Republicans vote to ban live-streaming from House floor

Remember the Democrats live-streaming their hourslong sit-in over gun control last year? The Republicans do, which is why they’ve voted to ban live-streaming from the House floor.

Anyone who live-streams will be fined $500 for the first offense, and $2,500 for subsequent offenses, according to new rules approved Tuesday along party lines. Still photos or audio broadcasts are also subject to the fines.

The Democrats don’t like it one bit.

“Today I rise to question the right of House Republicans to institute fines which may violate the First Amendment and have a chilling effect on members who disagree with the proceeding of this body,” Rep. John Lewis, D-Georgia, a leader of the summer sit-in, said during an impassioned speech on the House floor before the vote Tuesday. “I’m not afraid. I’ve been fined before. Many of us have been fined before. We cannot and will not be silenced.”

In June, Lewis led dozens of Democratic legislators in demanding a vote on some gun-control measures. When the Republicans called a recess, the House’s C-SPAN cameras were turned off. The Democratic lawmakers then used Periscope and Facebook Live to stream video from their sit-in, which lasted about a day. That video was then picked up by C-SPAN, raising the profile of live-streaming videos — which have now shown everything from sports to police shootings and other violence.

The new rules were proposed by Speaker Paul Ryan and other Republicans “to help ensure that order and decorum are preserved in the House of Representatives so lawmakers can do the people’s work,” AshLee Strong, a spokesman for Ryan, told Bloomberg News right before Christmas.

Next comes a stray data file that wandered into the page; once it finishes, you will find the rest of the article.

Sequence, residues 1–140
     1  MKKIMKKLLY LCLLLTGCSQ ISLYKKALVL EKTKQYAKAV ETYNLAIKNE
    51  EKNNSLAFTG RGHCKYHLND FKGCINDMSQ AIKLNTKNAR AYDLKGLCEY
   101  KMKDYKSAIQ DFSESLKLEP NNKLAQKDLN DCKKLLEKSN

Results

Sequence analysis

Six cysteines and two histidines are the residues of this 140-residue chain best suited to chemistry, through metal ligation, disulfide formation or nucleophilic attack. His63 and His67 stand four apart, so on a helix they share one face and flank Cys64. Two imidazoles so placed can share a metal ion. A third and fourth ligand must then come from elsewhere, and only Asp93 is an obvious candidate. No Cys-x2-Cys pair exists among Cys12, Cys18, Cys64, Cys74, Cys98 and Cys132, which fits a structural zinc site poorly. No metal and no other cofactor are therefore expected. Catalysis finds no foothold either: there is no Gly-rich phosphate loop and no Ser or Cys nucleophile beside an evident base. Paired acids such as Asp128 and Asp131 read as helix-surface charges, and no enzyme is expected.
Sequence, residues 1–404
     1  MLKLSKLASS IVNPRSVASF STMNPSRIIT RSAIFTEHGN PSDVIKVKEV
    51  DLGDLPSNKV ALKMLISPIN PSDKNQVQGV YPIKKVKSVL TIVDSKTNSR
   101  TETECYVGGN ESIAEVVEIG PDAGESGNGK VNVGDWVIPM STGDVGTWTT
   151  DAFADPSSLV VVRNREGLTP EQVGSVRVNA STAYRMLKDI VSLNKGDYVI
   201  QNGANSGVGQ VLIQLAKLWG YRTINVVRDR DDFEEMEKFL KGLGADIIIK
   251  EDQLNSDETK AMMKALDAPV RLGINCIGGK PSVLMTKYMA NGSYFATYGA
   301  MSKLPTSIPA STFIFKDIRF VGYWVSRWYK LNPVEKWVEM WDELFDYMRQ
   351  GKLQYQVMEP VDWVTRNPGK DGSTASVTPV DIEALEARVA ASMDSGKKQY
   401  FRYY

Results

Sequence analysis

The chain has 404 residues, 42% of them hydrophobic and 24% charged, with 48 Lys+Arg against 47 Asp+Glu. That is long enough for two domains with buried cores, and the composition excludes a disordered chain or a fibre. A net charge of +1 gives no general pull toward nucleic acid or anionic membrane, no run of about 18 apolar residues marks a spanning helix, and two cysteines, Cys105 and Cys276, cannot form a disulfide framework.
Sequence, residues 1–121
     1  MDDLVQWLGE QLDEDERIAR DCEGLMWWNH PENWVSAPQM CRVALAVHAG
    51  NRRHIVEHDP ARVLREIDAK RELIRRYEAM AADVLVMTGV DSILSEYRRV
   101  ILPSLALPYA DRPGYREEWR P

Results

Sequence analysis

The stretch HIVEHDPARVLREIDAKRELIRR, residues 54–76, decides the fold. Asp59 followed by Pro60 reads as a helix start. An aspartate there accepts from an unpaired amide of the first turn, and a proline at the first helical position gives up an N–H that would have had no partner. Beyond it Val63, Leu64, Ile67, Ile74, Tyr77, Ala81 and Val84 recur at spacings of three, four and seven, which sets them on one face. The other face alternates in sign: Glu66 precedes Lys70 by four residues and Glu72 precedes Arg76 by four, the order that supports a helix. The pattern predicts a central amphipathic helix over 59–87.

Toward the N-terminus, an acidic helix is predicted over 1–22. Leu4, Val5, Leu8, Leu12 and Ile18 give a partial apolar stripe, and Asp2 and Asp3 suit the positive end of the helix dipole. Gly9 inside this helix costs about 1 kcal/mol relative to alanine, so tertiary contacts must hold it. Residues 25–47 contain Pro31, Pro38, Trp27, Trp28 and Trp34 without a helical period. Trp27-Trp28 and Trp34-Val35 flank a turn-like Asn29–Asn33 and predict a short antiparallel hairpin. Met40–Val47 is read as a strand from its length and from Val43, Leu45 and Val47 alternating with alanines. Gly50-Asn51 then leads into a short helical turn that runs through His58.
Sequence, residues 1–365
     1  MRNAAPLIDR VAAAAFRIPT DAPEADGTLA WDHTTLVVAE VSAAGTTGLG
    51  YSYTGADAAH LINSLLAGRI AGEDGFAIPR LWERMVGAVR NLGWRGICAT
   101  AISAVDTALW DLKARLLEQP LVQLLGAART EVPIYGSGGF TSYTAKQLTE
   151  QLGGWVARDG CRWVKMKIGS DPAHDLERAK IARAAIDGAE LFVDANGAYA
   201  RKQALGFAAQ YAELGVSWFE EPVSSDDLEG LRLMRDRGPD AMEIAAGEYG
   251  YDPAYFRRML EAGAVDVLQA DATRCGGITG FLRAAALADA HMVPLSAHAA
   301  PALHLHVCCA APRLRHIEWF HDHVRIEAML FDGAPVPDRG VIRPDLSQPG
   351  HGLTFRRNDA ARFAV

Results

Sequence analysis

A letter sent Tuesday to Ryan and Minority Leader Nancy Pelosi, signed by more than 35 law professors and scholars, expressed concerns about the constitutionality of the rules.

“We write to express our strong concerns regarding provisions in H. Res. 5 that would authorize the Sergeant-at-Arms of the House of Representatives to unilaterally punish and fine Members of the House for certain alleged infractions without any action by the full House,” the letter states.

In a joint statement last week after the rules were introduced, Democratic House Judiciary Committee members called them a “modern-day gag rule.” The statement also complained that the rules failed “to provide a Member any due process to contest the imposition of the fine before it is automatically deducted from the Member’s salary.”

A provision that gives lawmakers 30 days to appeal a fine was added by Republicans Monday night, Politico reports.

 

Photo: This image courtesy of Rep. Elizabeth Esty’s office shows Rep. Esty (second from left) with Rep. John Lewis, center, and other Democratic members of Congress staging a sit-in on the floor of the U.S. House of Representatives on June 22, 2016 in Washington, D.C. (Rep. Elizabeth Esty/AFP/Getty Images)

 

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